Tuesday, March 18, 2003
Little Mo leads underdog Bulldogs vs. Sooners
By Pete Iacobelli
The Associated Press
ORANGEBURG, S.C. - To say these Bulldogs are underdogs would be an understatement: South Carolina State lost all four games it played in past NCAA tournaments.
Now it must play No. 1-seeded Oklahoma in the first round - in Oklahoma City, no less, just 20 miles from the Sooners' campus. And no team seeded 16th has ever won a game in the tournament.
Still, like every other school in the 65-team field, South Carolina State can dream that the basketball odyssey it begins this week can lead all the way to the championship game April 7 in New Orleans.
"The beauty of this whole thing is we are in the tournament and anything can happen," coach Cy Alexander said. "That's why you play the game."
The Bulldogs' hopes rest in large part on Moses Malone Jr., the son of the NBA Hall of Famer who bypassed college and jumped from the high school to the pros 30 years ago.
The 22-year-old Malone Jr., or "Little Mo," doesn't have his father's powerful physique or frightening on-court stare. He is smaller, quicker and blessed with a feathery jump shot.
"The feeling is tremendous. I never thought that I'd be in the NCAA tournament," Malone Jr. said Monday. "For this to happen is like a dream come true."
Of course, his team probably won't be in the NCAA tournament for long. It's expected to exit Thursday with a loss to Oklahoma.
Plenty of teams are mostly just happy to be invited to the event.
Action starts Tuesday with a play-in game between North Carolina-Asheville (at 14-16, the only losing team) and Texas Southern (0-3 in three previous trips to the NCAAs).
While one of those teams has to win, South Carolina State won't give up hope that it could, too.
The 6-foot-5, 220-pound Malone averages 15.8 points, second on the team to sophomore guard Thurman Zimmerman's 16.3 average.
Oklahoma coach Kelvin Sampson remembers seeing Malone play at a high school summer camp.
"He's a talented kid," Sampson said. "They're not going to be easy to play against."
Malone transferred to South Carolina State after bad experiences at Houston and Texas Tech. Now he thinks he finally can answer years of criticism and step out of his father's large shadow.
"Me having the name has brought a lot of good things," he said. "But it's brought a lot of bad things, too."
Malone Sr. was a 6-foot-10 center who led the Philadelphia 76ers to the 1983 NBA title and retired in 1995. He was one of the first basketball players to skip college and says there were a lot of expectations on his son.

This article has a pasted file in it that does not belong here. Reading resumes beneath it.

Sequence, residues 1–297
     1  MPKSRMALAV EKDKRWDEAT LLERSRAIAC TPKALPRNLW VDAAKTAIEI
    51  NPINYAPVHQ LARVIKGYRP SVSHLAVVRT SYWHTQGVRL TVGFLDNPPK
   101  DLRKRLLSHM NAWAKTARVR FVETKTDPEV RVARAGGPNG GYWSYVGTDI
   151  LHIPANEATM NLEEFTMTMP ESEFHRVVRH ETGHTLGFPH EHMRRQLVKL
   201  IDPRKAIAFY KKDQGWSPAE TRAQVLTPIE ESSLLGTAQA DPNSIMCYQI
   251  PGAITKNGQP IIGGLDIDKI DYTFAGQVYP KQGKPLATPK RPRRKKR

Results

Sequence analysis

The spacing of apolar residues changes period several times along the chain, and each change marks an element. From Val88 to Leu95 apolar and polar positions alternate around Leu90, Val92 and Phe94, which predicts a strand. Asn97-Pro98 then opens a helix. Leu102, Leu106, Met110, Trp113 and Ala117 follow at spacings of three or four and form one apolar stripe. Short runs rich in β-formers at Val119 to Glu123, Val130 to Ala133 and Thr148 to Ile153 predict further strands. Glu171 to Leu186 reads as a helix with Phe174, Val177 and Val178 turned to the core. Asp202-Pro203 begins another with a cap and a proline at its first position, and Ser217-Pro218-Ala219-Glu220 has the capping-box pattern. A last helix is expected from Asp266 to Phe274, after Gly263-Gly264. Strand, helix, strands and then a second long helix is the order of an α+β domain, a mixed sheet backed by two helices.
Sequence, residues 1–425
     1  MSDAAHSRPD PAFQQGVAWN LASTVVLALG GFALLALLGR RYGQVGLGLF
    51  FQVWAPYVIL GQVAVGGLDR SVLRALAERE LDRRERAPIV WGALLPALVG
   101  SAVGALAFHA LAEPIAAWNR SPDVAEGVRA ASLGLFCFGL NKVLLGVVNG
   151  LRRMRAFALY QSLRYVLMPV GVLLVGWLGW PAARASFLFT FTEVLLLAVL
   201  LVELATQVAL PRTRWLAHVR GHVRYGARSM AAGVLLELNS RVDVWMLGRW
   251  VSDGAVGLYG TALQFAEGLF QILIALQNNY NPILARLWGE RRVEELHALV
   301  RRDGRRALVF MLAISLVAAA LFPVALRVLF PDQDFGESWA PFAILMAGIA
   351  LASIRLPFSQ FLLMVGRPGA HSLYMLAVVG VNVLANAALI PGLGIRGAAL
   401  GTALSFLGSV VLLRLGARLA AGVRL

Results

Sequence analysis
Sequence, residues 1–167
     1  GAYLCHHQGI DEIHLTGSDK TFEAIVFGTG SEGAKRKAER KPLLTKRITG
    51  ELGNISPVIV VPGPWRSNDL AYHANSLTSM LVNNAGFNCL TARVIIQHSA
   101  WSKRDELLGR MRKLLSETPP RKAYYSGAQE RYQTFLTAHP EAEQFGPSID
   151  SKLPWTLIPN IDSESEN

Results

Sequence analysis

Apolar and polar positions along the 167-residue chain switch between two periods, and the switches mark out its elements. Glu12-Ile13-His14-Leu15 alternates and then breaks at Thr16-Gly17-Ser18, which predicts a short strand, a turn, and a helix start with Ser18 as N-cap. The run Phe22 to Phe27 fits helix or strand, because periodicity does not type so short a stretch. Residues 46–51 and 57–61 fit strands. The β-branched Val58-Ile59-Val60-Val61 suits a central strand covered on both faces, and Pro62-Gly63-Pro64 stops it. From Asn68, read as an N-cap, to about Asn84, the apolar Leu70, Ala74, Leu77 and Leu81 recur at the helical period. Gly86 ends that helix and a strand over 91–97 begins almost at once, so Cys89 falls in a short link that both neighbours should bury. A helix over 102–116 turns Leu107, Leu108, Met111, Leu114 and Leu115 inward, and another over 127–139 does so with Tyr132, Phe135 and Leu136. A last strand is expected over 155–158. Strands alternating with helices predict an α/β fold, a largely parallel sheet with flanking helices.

When "you've got a father who's in the NBA Hall of Fame," he says in his familiar low voice, "people are going to try and break you down."
Malone Jr. never felt comfortable at his first college stop in Houston and left after nine games.
At Texas Tech, Malone broke his left foot, grew despondent and gained weight. He complained about playing time, and his relationship soured with coach James Dickey.
"My son has had a lot of ups and downs," Malone Sr. said.
In 2001, he called Alexander, a golfing buddy from when "Big Mo" was with the Washington Bullets and Alexander was an assistant coach at Howard University.
"I told him we'd take a look," Alexander said.
Malone Jr. said his South Carolina State teammates took to him right away.
Last year, he started 22 games and led the team in scoring at nearly 15 points a game. But the Bulldogs had their first losing season in a decade, going 15-16.
This year, Malone is the team's focal point, and Alexander has worked with him on his leadership skills.
The Bulldogs (20-10) won the Mid-Eastern Athletic Conference tournament title this weekend, earning a berth in the NCAA tournament.
Malone lost both games he played against Oklahoma when he was at Texas Tech, and he provided a scouting report for his teammates.
He told them that Oklahoma plays tough defense, but Malone is optimistic the Bulldogs can win if they rebound well, make open shots and limit turnovers.
"They may be bigger than us, but ... we have the talent. We just have to put it together," Malone said.
COMPLETE NCAA TOURNAMENT COVERAGE
Special NCAA hoops section; Bracket contest
It's more than a Bearcats game
No. 24 Arkansas thinking big
UC out to prove naysayers wrong
Varsity Village gets $10M from Fifth Third
Xavier now the hunted
No. 1 ranking increases ante for UK to win it all
Norse win on putback
March Madness could be delayed by war
Pressure and expectations smother winning coaches
Ohio State suspends Williams
BYU's no-Sunday stance could cause NCAA shuffle
Little Mo leads underdog Bulldogs vs. Sooners
Blue Devils to stick with perimeter lineup
Gators need answers quickly
Bobby Knight's son applies for Wright State job
Spirit of Valvano lifts Whittenburg
Tigers learn of bid while on 12-hour bus ride
Asheville gets a whiff of the bigtime
OTHER COLLEGE HOOPS HEADLINES
NIT: Iowa 62, Valparaiso 60
UCLA fires Lavin